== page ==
By Ottawa Sports Pages, for Louis-Riel Rebelles
On a picture-perfect autumn afternoon, Louis-Riel high school held a homecoming for Olympic gold medallist Vanessa Gilles and heard all about the latest unbelievable chapter in an already unimaginable soccer story that began there when she was 15.
The now-25-year-old Team Canada defender treated a couple cohorts of students to outdoor Q&A sessions alongside her old coach Joé Fournier.
“It was just surreal,” recounted Fournier, who revelled in watching a former student-athlete’s dream come true live on TV from Tokyo. “Our Rebelles, now they can say that they train and walk in the same hallways as a past Rebelle who’s an Olympic champion. Wow.”
Fournier was proud to present Gilles as a powerful person along with her presence on the pitch, noting the Girondons de Bordeaux pro player spoke at the United Nations in support of change and equality for women’s sports in 2019.
“The gold medal, playing for the national team, that’s amazing, and her speech at the UN was unbelievable too,” signalled Fournier. “It just adds to my pride to also see former students using their values and their voice for the betterment of society.”
For Gilles, coming back to Ottawa made her start to appreciate the scope of what she’s achieved.
“Having these kids coming to see me and thanking me, and who want to be in my shoes in a few years – seeing the impact I can have on kids is really motivating for me,” reflected Gilles, who later played a match in town as part of Team Canada’s celebration tour on Oct. 23.
“I’ve always aspired to be in this role to be able to inspire other people and have an impact on the future generation,” she added. “I used to coach as well, and it’s kind of the same role that coaches have – to inspire and guide youth – and I’m so happy to be able to do that.”
Gilles’ journey to the pinnacle of sport was a highly unlikely one. She had been a provincial-level tennis player before she stepped into organized soccer for the first time in Grade 10.
Gilles sometimes wonders if she hadn’t been part of Louis-Riel’s Sports-Study program – where she got to try a new sport with friends at school and step into a high-performance setting with top-notch coaching from the get-go – would her soccer story have ever even begun?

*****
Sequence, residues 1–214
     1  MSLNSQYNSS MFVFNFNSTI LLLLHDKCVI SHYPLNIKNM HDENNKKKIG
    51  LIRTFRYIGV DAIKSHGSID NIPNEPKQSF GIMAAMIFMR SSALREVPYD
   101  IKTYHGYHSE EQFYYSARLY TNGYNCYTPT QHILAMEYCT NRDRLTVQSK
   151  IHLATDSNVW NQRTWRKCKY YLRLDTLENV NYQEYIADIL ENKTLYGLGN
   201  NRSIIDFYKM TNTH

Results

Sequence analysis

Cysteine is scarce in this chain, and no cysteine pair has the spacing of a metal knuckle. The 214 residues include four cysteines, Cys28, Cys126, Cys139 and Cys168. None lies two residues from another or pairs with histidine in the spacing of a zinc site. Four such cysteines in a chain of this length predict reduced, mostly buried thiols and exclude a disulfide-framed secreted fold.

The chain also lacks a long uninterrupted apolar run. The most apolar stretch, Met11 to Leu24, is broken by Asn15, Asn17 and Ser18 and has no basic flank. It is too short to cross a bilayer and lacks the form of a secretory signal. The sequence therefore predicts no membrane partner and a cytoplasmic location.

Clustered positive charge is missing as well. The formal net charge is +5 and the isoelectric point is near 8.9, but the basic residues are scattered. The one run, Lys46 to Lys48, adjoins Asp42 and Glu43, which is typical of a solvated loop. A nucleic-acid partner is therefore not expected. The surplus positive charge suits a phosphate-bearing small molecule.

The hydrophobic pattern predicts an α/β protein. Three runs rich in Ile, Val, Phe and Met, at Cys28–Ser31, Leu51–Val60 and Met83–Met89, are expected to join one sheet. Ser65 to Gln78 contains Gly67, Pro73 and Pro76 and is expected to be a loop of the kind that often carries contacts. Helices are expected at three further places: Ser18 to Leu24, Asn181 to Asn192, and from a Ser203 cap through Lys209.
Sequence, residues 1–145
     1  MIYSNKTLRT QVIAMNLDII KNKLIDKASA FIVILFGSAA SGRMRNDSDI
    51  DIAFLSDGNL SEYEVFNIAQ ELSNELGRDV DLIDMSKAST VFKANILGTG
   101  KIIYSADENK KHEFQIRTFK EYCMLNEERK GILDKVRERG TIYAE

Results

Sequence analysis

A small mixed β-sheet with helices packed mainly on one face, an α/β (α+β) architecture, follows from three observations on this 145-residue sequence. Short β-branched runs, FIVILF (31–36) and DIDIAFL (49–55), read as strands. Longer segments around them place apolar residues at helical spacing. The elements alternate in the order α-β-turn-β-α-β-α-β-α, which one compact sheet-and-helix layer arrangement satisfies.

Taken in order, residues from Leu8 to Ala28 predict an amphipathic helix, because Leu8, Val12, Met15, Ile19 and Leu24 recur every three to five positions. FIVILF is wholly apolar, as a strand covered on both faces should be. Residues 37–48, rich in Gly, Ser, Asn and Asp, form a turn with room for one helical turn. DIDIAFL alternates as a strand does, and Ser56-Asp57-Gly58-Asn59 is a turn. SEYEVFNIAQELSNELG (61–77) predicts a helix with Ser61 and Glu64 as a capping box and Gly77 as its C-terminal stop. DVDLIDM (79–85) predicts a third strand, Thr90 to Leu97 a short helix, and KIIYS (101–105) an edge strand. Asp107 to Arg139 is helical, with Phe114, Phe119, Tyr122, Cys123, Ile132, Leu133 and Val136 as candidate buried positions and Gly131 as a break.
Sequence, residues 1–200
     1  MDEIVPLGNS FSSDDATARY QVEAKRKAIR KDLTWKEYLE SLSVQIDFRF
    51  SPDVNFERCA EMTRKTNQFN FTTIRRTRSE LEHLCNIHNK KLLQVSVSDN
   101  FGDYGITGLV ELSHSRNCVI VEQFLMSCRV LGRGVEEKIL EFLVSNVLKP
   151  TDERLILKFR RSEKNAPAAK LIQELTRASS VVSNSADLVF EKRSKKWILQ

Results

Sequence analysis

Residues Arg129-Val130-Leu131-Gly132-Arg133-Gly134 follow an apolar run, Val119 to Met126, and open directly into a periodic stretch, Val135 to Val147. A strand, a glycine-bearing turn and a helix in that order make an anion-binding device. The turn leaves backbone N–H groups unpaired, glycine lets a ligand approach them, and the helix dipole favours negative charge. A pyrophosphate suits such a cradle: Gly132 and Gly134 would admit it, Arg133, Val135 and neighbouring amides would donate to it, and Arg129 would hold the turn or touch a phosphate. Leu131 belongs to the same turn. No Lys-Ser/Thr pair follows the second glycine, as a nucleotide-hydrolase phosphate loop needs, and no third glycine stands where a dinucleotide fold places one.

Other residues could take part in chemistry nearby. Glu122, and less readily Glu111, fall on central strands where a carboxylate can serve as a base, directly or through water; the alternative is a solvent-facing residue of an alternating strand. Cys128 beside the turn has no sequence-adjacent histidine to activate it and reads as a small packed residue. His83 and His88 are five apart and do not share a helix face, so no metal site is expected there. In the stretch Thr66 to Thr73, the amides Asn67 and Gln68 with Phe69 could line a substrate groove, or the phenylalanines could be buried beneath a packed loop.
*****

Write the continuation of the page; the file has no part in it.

“It’s an interesting question, and I do think about that,” signalled the 2011 OFSAA champion who remembers having three training sessions a day and being at Louis-Riel from 7 a.m. to 7 p.m. most days (and loving it).
“I think what helped me most at Louis-Riel was the practicality – I mean, you’re like 20 metres from the Dome when you go to school,” Gilles underlined. “I don’t know. Maybe I would have switched sports, maybe I would have had the same journey, who knows? But it definitely had a big impact.”
Gilles also received a big shot of inspiration when Christine Sinclair, Karina LeBlanc, Diana Matheson and Rhian Wilkinson came to visit Louis-Riel with their London 2012 bronze medals when she was a teenager.
“I remember I wanted to be like them, I wanted a medal,” recalled the former University of Cincinnati NCAA player. “The fact that Christine is my captain now… I hope that in a few years I’ll be playing with a girl from here too.”
The advice she gave to the next generation of aspiring athletes was simple.
“Work hard, and believe,” Gilles explained. “When I was here at Louis-Riel, I wasn’t thinking about the Olympics, but anything is possible.”